‘If you get caught between the moon and New York City’

By Alex P. Vidal

“Some memories are unforgettable, remaining ever vivid and heartwarming!”— Joseph B. Wirthlin

WHILE in a hurry racing against the wrath of the deadly arctic blast that barreled through the Northeast (thank God the dangerously cold temperature lasted early morning on February 5), I made a “shortcut” walk from the East 67th Street and Park Avenue to the East 51st Street in Manhattan early morning on February 3.

Reaching on corner East 51st Street and 325 Park Avenue, I saw a very familiar structure: St. Bartholomew’s Church, commonly called St. Bart’s.

I paused for a while and took some pictures using my mobile phone. Then I raided my memory.

“Why is this church looks so familiar to me?” I muttered under my breath as I dropped my backpack to rest for a while amid the chill.

“Eureka, this is the church where the aborted wedding of Dudley Moore and Jill Eikenberry in the 1981 romantic comedy film, Arthur, took place,” I quickly recalled.

I watched the film sometime in September 1981 at Iloilo City’s Cinema Theater (now converted into a shopping store when I last saw it 12 years ago).

I so love the film that until now it enthralls me when I remember it especially when I hear the nerve-tingling song, “Arthur’s Theme (The Best That You Can Do)”, which won the Oscar for Best Original Song in 1981.

The most beautiful things are not associated with money; they are memories and moments. If you don’t celebrate those, they can pass you by, Alek Wek once said.


Here’s part of the song: Once in your life, you find her

Someone that turns your heart around

The next thing you know, you’re closing down the town

Wake up and it’s still with you

Even though you left her way across town

Wondering to yourself, “Hey, what’ve I found?”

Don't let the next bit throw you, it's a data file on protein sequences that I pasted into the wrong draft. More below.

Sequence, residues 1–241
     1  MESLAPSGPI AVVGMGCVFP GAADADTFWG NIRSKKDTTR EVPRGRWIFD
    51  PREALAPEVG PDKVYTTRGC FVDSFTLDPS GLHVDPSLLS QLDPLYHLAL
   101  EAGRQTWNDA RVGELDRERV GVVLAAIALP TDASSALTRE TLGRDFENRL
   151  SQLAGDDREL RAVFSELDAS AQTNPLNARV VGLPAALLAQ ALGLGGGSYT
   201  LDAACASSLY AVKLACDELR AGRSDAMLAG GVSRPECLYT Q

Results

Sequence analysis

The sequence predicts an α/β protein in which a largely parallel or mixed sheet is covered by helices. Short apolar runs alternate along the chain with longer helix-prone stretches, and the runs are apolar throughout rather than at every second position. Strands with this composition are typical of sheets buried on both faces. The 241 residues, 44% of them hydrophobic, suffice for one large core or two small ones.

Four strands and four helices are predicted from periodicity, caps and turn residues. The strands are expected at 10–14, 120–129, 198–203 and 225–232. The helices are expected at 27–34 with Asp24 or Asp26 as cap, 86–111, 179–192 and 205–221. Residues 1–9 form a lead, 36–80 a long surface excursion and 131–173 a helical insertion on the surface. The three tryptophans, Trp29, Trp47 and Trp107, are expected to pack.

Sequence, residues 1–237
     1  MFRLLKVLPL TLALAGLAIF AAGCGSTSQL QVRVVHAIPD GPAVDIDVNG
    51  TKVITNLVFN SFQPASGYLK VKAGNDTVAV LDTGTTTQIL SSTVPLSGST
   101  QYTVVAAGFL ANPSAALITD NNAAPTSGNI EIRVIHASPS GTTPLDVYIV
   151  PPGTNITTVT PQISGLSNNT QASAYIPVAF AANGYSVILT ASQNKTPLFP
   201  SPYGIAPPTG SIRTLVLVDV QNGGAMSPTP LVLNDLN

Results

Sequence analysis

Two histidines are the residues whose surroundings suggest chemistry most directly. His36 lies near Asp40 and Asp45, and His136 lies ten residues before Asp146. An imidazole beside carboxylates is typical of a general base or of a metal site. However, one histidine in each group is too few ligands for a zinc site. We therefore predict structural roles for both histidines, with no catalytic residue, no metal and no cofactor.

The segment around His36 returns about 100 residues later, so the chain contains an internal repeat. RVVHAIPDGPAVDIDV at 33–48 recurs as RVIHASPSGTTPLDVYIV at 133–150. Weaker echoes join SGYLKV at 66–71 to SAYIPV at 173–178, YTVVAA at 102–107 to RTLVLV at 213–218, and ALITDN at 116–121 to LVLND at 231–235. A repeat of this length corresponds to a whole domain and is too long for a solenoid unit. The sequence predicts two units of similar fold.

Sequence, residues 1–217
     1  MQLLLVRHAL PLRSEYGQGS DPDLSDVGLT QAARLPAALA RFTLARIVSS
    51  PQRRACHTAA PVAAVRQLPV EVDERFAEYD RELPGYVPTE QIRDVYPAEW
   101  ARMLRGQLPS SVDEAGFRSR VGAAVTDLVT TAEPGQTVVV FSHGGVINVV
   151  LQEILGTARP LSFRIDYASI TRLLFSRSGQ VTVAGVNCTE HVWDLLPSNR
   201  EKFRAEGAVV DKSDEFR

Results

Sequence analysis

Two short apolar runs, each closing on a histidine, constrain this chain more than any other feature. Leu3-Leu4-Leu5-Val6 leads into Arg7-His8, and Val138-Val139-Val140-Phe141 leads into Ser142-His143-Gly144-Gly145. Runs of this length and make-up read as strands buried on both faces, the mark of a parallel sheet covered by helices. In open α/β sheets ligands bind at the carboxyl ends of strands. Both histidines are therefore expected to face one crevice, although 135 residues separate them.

When you get caught between the Moon and New York City

I know it’s crazy, but it’s true

If you get caught between the Moon and New York City

The best that you can do

The best that you can do is fall in love

Arthur he does as he pleases

All of his life, he’s masked his choice and

Deep in his heart, he’s just, he’s just a boy

Living his life one day at a time

And showing himself a really good time

Laughing about the way they want him to be

When you get caught between the Moon and New York City

I know it’s crazy, but it’s true

If you get caught between the Moon and New York City

The best that you can do (the best that you can do)

The best that you can do is fall in love


It was performed and co-written by American singer-songwriter Christopher Cross, which was the main movie’s theme starring Moore as Arthur Bach and Liza Minnelli as Linda Marolla.

Nothing has changed in the church façade and color since the 1981 filming until today. The St. Bartholomew’s Church and Community House complex was designated a National Historic Landmark, for its significance as an important example of early 20th-century ecclesiastical architecture designed by Bertram Goodhue on October 31, 2016.

In the film, Moore as Arthur Bach, a drunken New York City millionaire was on the brink of an arranged marriage to a wealthy heiress Eikenberry as Susan Johnson but ends up falling for a common working-class girl from Queens, Minnelli as Linda Marolla.

Arthur, Toosie, a 1982 satirical romantic comedy starring Dustin Hoffman as Michael Dorsey; Jaws, a 1975 American thriller film directed by Steven Spielberg; Grease, a 1978 American musical romantic comedy film based on the 1971 musical of the same name starring John Travolta and Olivia Newton-John, Rocky (1976), Rocky II (1979), Rocky III (1982) starring Silvester Stallone; Orca (also known as Orca: The Killer Whale), a 1977 American thriller film; The Deer Hunter, a 1978 war drama film starring Robert De Niro were some of the many famous Hollywood films I watched in the Cinema Theater for free in the late 70s and early 80s because my classmate in the Iloilo Central Commercial High School (now Huasiong College of Iloilo) was the “relative” of the Chusuey family that owns almost all the theaters in downtown Iloilo City.

(The author, who is now based in New York City, used to be the editor of two local dailies in Iloilo.—Ed)